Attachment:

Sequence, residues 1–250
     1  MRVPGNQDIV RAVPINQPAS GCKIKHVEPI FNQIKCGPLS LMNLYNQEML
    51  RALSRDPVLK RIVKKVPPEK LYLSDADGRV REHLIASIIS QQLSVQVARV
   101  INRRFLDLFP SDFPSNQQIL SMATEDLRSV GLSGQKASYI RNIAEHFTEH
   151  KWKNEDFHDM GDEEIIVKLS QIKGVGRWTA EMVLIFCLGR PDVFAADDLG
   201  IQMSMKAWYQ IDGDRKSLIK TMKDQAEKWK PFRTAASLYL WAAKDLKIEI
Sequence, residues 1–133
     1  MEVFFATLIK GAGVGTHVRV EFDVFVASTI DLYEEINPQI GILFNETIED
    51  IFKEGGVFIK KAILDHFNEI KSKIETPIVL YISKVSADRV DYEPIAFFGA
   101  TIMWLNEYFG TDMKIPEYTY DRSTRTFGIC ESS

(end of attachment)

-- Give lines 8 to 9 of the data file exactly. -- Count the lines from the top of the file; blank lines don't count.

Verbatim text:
     1  MEVFFATLIK GAGVGTHVRV EFDVFVASTI DLYEEINPQI GILFNETIED
    51  IFKEGGVFIK KAILDHFNEI KSKIETPIVL YISKVSADRV DYEPIAFFGA